Welcome to my blog. The title originates when my primary athletic activity was competitive walking, but now that I am back to running it also includes that.

Not all content is accessible from the main page: for example, the rogaines, racewalking, and ultramarathon pages all include content that is only accessible from those pages.


Ultramarathons are any event longer than the standard marathon distance of 26.2 miles / 42.195km. Standard distances for ultras are 50km, 50 miles, 100km, and 100 miles. There are also 12 hour and 24 hour track runs, and multi-day "stage races".

I have currently (September 2012) completed 30 ultramarathons, plus 1 DNF at about 66km at the Molesworth Run. Reports for most events are provided below.

See also


Rogaining is the sport of long distance cross-country navigation. Events can be as short as 2-3 hours or the standard 24 hours. Teamwork, endurance, competition and an appreciation for the natural environment are features of the sport. Rogaining involves both route planning and navigation between checkpoints using a variety of map types.

GN Phillips and RJ Phillips, Rogaining, 3rd ed, 2000

The two main umbrella organisations for rogaining in New Zealand are: My reports for selected events are provided below.

Hiking and Mountains

The Hiking, Trail Running, and Mountains pages are all inter-related, but with some subtle differences:
  • Hiking is not an organised race, and may include Coastal Adventures, activities in the Mountains, and hiking in other locations;
  • Trail Running covers organised events, some in the mountains, but others on local hills and trails; and
  • The Mountains category covers both events and hiking in various places that can be classed as mountains.

  • Racewalking

    Racewalking only has to meet two technical requirements:
    • no loss of contact, as judged by the human eye; and
    • the leg has to be straight from the moment of first contact until it is upright.
    More detailed rules are here.

    I'm not particularly good at racewalking, often falling foul of the straight leg rule. But I still give it a go and here are the results of my endeavours.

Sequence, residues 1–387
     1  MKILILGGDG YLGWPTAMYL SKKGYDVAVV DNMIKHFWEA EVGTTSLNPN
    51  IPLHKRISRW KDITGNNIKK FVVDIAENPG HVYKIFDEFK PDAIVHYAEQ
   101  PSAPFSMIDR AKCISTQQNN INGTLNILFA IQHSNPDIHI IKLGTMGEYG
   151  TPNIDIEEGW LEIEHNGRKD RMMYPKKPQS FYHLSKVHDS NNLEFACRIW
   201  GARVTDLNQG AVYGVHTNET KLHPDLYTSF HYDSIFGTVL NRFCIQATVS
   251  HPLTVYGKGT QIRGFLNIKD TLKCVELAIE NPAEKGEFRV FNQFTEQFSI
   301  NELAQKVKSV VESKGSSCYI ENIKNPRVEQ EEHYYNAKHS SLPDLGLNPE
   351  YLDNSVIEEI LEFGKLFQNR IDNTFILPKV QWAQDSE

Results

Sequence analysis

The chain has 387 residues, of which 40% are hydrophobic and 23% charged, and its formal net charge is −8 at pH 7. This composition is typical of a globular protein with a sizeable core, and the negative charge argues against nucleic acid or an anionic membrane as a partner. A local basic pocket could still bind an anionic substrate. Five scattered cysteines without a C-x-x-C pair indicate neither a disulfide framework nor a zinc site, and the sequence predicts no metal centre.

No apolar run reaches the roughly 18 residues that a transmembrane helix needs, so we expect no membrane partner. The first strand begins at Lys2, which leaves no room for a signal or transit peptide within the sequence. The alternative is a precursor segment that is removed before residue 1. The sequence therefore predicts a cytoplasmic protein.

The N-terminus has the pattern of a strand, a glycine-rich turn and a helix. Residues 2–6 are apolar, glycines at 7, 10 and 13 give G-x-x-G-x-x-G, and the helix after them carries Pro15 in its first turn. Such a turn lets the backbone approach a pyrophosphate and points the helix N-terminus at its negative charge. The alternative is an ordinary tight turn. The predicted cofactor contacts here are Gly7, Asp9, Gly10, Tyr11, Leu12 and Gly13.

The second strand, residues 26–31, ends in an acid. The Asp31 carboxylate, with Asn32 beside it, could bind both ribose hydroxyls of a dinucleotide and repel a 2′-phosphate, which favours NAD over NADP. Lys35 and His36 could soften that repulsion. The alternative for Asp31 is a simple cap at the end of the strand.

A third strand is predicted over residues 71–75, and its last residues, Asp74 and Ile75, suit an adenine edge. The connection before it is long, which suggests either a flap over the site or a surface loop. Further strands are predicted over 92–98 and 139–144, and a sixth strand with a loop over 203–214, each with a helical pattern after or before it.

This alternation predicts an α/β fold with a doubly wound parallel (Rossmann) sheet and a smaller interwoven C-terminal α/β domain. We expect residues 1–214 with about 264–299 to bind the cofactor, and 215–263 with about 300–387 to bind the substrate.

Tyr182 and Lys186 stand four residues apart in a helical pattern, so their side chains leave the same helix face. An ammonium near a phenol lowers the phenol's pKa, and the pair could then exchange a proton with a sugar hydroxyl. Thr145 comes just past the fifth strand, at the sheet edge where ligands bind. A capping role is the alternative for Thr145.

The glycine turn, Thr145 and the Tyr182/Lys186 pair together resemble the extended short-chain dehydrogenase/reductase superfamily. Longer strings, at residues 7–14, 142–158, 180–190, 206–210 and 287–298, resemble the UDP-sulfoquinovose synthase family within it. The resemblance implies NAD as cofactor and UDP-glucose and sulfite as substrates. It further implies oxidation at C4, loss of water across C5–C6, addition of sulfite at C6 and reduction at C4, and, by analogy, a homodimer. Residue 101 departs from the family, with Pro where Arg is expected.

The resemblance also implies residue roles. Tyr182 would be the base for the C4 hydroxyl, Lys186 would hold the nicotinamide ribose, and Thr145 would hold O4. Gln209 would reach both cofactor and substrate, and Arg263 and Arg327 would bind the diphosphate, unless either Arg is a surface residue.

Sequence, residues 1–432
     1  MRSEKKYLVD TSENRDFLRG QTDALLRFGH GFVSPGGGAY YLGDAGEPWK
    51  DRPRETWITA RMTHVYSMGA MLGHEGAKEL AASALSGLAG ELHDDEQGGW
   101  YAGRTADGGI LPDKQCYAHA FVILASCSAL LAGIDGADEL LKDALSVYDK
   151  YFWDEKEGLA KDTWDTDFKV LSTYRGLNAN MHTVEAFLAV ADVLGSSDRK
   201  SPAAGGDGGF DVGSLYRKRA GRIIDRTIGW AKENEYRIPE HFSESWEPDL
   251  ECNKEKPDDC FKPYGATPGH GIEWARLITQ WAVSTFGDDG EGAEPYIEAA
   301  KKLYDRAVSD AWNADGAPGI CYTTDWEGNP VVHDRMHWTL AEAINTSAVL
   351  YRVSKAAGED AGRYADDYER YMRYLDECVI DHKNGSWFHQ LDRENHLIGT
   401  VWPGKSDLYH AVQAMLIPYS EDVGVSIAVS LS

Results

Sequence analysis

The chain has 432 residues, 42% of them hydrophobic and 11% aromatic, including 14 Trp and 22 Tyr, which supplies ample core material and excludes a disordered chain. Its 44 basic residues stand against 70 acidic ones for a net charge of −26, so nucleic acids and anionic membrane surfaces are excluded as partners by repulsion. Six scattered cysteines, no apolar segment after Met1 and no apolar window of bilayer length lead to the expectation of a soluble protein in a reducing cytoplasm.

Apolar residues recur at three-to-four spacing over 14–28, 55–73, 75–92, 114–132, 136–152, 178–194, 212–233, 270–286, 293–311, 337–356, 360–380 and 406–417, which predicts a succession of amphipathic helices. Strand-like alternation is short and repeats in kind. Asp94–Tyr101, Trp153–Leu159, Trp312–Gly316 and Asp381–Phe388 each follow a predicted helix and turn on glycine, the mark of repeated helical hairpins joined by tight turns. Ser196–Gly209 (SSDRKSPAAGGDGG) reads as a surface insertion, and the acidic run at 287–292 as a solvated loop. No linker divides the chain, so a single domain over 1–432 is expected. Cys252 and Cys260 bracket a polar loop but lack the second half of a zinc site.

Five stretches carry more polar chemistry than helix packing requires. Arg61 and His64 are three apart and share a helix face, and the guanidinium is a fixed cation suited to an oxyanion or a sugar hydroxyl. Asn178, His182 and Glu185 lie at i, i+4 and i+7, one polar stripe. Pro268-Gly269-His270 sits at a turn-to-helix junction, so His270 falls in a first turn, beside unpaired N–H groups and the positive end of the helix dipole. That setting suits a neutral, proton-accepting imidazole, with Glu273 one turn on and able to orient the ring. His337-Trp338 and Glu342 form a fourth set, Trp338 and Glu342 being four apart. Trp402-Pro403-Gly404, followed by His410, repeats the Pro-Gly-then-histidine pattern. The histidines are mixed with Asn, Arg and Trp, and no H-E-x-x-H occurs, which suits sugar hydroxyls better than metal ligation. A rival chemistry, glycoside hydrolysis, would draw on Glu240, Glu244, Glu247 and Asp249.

This blog is primarily about my walking activities, but sometimes I do run. Here are reports for events where I have run.

    Shorter Races

    I classify events as ultramarathons, marathons, rogaines, and "shorter events". So a "shorter event" is just something that is shorter than a marathon and is not a rogaine. Consequently there's a mixed bag in here: running, racewalking, half marathons, 10k and 5k races, , etc.

    Tuesday, April 15, 2014


    On this particular day we didn’t feel like much of a climb, but wanted to at least go up the Mangatepopo Valley. We made our way part way up the new staircase and then dropped over the side back down towards the valley. Initially steep in places, the terrain soon levelled out and we picked a line across the various lava flows.

    Our first view of the stone-bordered path
    Heading towards the base of Pukekaikiore (on the route marked as “Cross-Country” on the map below), we stumbled across an old track. Certainly not built by the current generation of track builders, this track had been cleared of rocks, and the path was bordered with rocks. We would be able to follow the track back towards the carpark, but we decided first to follow it in the other direction, towards Ngaruhoe, to see where it led. For the most part the path was easy to follow, with only a couple of places where it was indistinct. And then the path abruptly stopped at the foot of a lava flow.

    It seems that we had probably stumbled on one of the earliest tracks in the park, tracks that have long since disappeared from public consciousness (or event that of DOC staff). The gravel access road from State Highway 47 follows the same route as the original cart track. An old map (below) shows the hut on the true left of the valley, near the base of Pukekaikiore, rather than the true right as it is now. The cart track does not extend beyond the hut, but it seems reasonable to assume that the foot track from the hut continued up the true left of the valley. At some point the foot track may have split into two directions, with one arm aiming for the saddle between Ngaruhoe and Tongariro, and the other for the saddle between Ngaruhoe and Pukekaikiore.

    A Mead and W Mead, "Part of Tongariro National Park in the vicinty of Whakapapa Cottage", National Library of New Zealand. Complete map available online at

    In 1954 Ngaruhoe erupted several times. The map below shows lava flows mapped by Fiona Sanders as part of her thesis. The GPS trace of the stone-bordered path is indicated. The terminal end of the path is very close to the indicated lava flow from 30 June 1954.
    Source: Fiona Sanders, Rheology and Flow Emplacement Processes of the 1954 Lavas, Mount Ngauruhoe, thesis, University of Waikato, 2010. Available online at

    On the basis of this map, it seems reasonable to assume that the 1954 eruptions rendered existing tracks unusable for a considerable period of time. Lava would remain hot, and the prospect of fresh lava eruptions would deter people from re-establishing tracks. For those still intent on gaining access to Tongariro, it would make sense to establish one or more tracks on the other side of the valley, in the general position of the current track. Another track also exists atop the ridge above the Mangatepopo Stream.


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